A sunny, warm Wednesday in Soldotna found about 40 people busily digging trenches and mounting willow boughs into the banks of the Kenai River, all in the name of habitat restoration.
Private landowners, contractors and local, state and federal government employees worked together to haul long coir logs — basically a tube of netting filled with coconut fibers — into the ditches at the base of the bluff along the Kenai River’s banks upstream of the David Douthit Veterans Memorial bridge in Soldotna. On the second day of a two-day workshop focusing on streambank restoration techniques at the Donald E. Gilman River Center, the participants were getting some hands-on experience on a heavily trafficked riverbank before the fishing season starts.
The Alaska Department of Fish and Game hosts the free workshops annually to teach people about the best methods for working on and repairing stream banks to provide for fish habitat and passage. As Southcentral Alaska has urbanized, many streams have been damaged by foot traffic, road construction or other activity. The U.S. Fish and Wildlife Service and Fish and Game together coordinate a landowner assistance program to provide some reimbursement for landowners who want to restore fish habitat along streambanks in the Fairbanks, Matanuska-Susitna and Kenai Peninsula areas.
Tracy Smith, who coordinates the cost-share program under Fish and Game’s Division of Sportfish, walked participants through the process along the Kenai River bank on Wednesday. Around mid-morning, the workers were installing two different techniques of streambank rehabilitation, one featuring willow boughs and another featuring brush layers. There are a number of different techniques that vary in effectiveness depending on the type of bank, Smith said.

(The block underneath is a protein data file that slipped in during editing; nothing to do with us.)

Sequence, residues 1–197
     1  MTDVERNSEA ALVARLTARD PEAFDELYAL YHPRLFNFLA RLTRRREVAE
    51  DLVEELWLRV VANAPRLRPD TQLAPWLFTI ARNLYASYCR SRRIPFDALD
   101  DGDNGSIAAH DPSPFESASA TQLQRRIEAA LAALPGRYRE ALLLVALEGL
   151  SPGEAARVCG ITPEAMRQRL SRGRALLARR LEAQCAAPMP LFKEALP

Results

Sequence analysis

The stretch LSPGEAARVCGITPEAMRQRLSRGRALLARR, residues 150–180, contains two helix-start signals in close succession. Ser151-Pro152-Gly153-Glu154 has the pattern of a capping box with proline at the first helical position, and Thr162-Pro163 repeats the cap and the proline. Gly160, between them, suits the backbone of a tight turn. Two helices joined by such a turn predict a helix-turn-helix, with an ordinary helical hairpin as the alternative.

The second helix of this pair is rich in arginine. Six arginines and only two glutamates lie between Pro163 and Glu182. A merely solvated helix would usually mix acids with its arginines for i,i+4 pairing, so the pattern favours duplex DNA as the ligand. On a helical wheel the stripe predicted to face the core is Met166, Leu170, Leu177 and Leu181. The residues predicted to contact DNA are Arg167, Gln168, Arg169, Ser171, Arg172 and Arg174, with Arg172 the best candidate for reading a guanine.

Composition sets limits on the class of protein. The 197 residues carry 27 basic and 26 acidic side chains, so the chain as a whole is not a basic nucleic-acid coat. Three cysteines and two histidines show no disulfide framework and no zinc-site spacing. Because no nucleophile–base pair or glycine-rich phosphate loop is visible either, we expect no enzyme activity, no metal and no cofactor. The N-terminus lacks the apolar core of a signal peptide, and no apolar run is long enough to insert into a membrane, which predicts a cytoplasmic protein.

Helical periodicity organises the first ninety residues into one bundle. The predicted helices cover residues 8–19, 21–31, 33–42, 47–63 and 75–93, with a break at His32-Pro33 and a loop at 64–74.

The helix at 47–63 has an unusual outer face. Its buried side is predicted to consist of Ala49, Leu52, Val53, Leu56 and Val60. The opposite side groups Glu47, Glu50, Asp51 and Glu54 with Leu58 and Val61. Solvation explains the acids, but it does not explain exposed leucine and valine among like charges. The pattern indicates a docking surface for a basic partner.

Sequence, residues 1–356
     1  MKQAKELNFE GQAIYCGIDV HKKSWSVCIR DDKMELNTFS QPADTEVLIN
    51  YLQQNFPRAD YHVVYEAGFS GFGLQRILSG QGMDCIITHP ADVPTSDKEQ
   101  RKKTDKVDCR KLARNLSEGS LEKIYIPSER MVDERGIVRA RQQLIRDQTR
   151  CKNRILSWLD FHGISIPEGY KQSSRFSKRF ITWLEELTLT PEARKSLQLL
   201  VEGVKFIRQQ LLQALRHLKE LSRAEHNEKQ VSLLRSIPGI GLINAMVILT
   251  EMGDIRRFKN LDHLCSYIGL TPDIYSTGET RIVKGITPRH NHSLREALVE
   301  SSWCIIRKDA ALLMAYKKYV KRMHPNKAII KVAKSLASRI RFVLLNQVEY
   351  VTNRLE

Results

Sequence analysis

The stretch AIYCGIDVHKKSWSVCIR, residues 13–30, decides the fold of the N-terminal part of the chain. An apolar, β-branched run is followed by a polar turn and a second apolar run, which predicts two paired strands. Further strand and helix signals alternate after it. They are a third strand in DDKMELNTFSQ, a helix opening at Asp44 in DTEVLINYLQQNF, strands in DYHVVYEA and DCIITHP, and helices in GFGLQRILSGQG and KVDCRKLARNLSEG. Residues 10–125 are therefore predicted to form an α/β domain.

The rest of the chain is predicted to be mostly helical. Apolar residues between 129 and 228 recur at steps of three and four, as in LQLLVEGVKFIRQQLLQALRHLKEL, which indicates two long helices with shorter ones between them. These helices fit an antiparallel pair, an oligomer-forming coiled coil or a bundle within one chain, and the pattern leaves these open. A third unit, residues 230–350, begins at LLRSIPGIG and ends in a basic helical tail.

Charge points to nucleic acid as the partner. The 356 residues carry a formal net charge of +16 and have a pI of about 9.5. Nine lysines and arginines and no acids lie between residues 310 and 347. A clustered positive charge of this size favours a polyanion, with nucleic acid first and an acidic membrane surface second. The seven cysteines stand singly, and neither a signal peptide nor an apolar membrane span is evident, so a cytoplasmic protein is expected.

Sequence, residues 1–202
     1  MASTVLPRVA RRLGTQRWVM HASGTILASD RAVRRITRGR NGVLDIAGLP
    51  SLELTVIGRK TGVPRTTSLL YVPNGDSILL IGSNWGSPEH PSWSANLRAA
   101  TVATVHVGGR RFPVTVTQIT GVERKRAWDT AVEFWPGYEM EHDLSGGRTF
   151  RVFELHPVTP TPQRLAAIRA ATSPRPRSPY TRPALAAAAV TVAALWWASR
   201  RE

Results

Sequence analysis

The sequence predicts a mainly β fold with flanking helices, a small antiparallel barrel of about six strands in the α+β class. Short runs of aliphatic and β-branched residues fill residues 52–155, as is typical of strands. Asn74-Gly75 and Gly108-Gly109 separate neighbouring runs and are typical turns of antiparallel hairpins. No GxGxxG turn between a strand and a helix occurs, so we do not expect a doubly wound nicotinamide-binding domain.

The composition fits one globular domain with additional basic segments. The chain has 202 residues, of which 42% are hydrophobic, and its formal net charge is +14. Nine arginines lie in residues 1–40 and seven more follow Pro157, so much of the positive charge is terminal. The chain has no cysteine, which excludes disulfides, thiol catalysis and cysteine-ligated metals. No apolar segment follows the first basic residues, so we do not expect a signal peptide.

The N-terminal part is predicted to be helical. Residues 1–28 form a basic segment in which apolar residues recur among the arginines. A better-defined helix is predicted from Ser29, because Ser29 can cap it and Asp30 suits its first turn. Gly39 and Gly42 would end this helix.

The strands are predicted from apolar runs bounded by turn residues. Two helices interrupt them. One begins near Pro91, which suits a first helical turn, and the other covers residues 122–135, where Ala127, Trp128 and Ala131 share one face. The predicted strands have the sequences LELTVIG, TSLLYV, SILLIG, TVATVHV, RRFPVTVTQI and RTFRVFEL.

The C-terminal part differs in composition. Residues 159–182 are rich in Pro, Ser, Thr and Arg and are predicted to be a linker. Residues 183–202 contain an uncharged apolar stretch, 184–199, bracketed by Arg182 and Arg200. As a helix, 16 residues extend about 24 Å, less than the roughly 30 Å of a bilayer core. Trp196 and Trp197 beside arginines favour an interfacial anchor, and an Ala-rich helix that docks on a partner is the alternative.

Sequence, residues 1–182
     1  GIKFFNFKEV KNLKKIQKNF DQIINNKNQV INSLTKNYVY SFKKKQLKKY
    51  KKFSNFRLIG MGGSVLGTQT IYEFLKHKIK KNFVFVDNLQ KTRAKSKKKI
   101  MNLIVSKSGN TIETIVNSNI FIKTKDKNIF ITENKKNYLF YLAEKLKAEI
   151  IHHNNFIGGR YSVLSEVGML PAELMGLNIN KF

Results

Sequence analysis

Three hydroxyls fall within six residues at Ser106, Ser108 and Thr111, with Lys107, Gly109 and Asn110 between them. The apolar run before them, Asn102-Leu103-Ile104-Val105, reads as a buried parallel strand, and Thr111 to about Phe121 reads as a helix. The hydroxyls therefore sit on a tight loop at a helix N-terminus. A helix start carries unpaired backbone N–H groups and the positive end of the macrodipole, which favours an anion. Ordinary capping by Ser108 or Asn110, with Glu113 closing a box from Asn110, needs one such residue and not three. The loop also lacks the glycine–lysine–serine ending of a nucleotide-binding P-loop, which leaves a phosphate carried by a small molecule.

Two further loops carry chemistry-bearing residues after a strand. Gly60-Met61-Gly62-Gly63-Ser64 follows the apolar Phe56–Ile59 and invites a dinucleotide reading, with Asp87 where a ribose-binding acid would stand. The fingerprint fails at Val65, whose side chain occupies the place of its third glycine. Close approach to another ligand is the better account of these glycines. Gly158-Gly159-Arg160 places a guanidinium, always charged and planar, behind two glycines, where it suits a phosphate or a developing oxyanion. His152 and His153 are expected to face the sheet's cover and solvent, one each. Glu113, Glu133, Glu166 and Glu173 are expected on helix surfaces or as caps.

The willow boughs the participants used were harvested in the Portage Valley area and chilled, but they will sprout and help reinforce the bank after installation and trimming, she said.
“They stay dormant, and we plant them, and it’s amazing to watch them,” she said. “Within a month … there will be buds.”
The coir logs, which are all organic material, also provide a bed for seeds to become a basis for more vegetation as well, she said. After the boughs are installed, the workers pile soil atop them to give them something to brace against, and to reinforce the toe of the bluff to prevent any more land from sliding down into the river, she said.
The other technique, brush layering, uses fabric layers and dormant vegetation to re-establish an eroded bank. When participants finished with the direct bank work, they would install cabled spruce revetments to provide fish with places to hide and nest, Smith said.
“It’s sort of that instant gratification, (and) good fish habitat,” she said.
The bank below the River Center is a busy place during the Kenai River’s sockeye salmon run in July, popular for its adequate parking, stair access and lack of fees. As a result, the bank has been heavily damaged over time, and the Kenai Peninsula Borough Assembly recently accepted a matching grant for the River Center to restore about 500 feet of bank there before the sockeye season begins. The work the participants did during the workshop covers part of the distance, and the borough’s contractor will pick up the remaining section for completion before the end of June.
Smith said Fish and Game currently is currently working with about 16 private landowners on the Kenai River on habitat projects through the cost-share program and is heading up to Talkeetna on May 16–17 for another workshop. They’ll also be hosting a workshop in Fairbanks from May 31-June 1.
The habitat division has also restored sections of streambank in Anchorage, working with local residents to do so. Smith said one of the best parts of the work is seeing how people become invested in the care of the stream after that.
“It gives people a sense of ownership,” she said.
The workshops are free and open to the public. To RSVP, email email@example.com.
Reach Elizabeth Earl at firstname.lastname@example.org.